In the new procedure which was developed in the United States, enables doctors to use a valve delivered by catheter. The valve is attached to a long rod and fed through a small incision in the groin up to the heart, where it defrosts and expands.
The state-of-the-art operation will replace conventional open heart surgery for many older Australians who are too frail or ill to cope with a major operation and long recovery time.
Kathleen Condon, a 92-year-old from Port Macquarie in New South Wales, became the first to undergo the procedure on Wednesday, but her doctors say dozens of other Australians will soon follow, Australian newspaper reported.
"This is a major breakthrough for older patients who have a worn out, failing aortic valve and too many other medical problems to make conventional surgery a good option," said David Muller, director of interventional cardiology at St Vincent's Hospital in Sydney.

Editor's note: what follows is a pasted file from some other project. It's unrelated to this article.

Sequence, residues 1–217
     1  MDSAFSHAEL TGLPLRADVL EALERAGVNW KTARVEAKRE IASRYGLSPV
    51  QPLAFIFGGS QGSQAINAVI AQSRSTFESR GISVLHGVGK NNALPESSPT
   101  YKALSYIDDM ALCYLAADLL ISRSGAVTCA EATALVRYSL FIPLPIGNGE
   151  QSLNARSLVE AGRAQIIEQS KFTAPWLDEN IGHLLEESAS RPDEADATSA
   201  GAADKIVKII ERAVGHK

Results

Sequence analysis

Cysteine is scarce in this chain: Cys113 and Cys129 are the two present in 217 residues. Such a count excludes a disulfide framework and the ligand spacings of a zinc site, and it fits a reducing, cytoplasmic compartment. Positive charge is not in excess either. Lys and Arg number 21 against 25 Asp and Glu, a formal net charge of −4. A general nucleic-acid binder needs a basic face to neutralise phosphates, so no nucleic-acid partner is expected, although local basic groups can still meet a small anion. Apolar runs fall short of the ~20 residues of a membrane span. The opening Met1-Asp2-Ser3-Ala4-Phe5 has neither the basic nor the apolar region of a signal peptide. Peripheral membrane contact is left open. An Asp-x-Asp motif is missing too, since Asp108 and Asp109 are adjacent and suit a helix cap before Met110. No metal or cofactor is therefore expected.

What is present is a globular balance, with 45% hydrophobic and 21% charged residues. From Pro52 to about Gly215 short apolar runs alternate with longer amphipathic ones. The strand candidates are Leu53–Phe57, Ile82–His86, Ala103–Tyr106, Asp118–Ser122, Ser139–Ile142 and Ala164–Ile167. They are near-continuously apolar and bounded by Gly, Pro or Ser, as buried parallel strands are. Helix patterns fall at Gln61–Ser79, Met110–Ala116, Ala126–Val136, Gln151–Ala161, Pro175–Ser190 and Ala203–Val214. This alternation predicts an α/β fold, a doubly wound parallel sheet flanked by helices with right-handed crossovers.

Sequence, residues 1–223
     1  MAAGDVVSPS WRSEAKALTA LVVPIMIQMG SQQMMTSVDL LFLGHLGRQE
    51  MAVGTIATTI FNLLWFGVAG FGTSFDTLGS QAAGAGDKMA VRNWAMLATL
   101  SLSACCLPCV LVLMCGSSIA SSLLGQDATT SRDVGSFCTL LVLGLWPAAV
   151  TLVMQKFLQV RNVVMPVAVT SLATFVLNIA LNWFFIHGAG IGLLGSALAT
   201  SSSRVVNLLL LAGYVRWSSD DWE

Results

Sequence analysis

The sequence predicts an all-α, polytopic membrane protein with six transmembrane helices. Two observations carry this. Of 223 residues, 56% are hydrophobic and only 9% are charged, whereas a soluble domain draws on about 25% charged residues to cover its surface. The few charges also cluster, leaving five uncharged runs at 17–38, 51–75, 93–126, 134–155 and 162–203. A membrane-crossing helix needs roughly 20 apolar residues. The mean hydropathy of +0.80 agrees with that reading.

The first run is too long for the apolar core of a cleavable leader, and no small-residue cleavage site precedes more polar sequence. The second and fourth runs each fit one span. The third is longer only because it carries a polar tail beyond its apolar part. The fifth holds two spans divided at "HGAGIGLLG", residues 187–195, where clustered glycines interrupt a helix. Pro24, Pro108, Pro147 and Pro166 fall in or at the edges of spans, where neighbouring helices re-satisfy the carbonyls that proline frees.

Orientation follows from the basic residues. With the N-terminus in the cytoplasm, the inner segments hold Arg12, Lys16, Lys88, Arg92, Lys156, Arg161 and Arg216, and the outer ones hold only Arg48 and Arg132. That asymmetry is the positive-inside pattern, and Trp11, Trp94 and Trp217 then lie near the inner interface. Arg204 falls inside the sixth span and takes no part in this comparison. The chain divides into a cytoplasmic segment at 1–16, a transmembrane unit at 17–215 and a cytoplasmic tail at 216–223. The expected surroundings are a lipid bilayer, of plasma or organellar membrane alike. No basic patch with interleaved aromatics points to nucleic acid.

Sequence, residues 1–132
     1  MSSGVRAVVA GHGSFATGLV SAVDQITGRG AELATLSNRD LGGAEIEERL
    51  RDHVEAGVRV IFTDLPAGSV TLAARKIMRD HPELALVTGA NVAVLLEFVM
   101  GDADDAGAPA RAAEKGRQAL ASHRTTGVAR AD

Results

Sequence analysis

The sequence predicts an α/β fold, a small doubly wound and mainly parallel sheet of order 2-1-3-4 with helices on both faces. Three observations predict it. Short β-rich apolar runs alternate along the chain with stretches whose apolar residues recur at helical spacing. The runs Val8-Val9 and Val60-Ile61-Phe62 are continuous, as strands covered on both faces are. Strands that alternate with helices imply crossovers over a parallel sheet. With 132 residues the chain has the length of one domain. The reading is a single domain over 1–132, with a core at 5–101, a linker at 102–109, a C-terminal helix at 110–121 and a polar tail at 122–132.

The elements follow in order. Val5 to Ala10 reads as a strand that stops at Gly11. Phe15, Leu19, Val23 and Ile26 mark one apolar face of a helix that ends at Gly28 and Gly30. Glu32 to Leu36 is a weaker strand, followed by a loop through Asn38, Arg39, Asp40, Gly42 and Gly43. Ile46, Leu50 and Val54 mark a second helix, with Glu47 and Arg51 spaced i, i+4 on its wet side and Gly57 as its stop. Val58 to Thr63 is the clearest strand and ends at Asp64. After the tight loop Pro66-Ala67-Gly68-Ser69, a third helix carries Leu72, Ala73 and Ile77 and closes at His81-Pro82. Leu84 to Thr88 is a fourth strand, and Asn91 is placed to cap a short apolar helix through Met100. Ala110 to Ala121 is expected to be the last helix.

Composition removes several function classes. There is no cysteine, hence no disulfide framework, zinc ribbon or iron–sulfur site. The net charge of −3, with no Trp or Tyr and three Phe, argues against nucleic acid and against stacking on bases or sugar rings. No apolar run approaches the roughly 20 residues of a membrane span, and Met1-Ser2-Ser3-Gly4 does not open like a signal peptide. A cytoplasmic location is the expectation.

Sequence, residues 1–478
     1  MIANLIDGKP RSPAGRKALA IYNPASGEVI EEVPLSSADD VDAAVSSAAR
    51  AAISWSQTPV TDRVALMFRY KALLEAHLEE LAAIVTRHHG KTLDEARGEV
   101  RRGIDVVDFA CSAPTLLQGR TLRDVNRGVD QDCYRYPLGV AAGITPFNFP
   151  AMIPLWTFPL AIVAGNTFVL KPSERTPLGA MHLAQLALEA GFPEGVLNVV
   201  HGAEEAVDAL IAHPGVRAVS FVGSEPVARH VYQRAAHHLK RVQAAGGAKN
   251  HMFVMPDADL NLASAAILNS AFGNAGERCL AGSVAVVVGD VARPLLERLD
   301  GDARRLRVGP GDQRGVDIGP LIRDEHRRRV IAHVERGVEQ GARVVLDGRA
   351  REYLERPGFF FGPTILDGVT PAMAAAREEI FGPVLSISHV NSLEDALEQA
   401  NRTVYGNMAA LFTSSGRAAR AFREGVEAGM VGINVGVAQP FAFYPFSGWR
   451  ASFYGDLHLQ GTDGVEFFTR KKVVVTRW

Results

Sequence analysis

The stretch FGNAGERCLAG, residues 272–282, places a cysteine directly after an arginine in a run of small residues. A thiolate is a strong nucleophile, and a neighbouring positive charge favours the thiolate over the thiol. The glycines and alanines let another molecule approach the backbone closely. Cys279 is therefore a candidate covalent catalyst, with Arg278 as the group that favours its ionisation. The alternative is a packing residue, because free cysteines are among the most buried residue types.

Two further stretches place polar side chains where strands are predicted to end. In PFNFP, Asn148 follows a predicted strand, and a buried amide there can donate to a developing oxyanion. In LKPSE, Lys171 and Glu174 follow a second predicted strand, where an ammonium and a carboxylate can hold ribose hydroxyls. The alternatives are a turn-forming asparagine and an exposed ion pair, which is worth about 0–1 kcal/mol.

"With this new technology, we can offer more patients a better prognosis, sparing them surgery and a months-long recovery period, which all huge benefits, especially if you're in your 80s or 90s."
Professor Muller said it was timely given the number of patients requiring heart valve replacement was expected to increase sharply over the coming decades.
Mrs Condon, a keen bridge player with an active life, said she was relieved to avoid full surgery and was feeling "remarkably well" just 48 hours after her operation. The otherwise stressful operation did not appear to be taking a tough toll on her.
"I'm actually hoping to join a gym after all this is over," she said.
Four other NSW residents, all aged over 80, have since had the procedure, and hospitals in Brisbane and Melbourne will soon be offering it.
Specialists say younger heart patients will not be offered the procedure until it has been proven just as effective in the long term as conventionally inserted valves.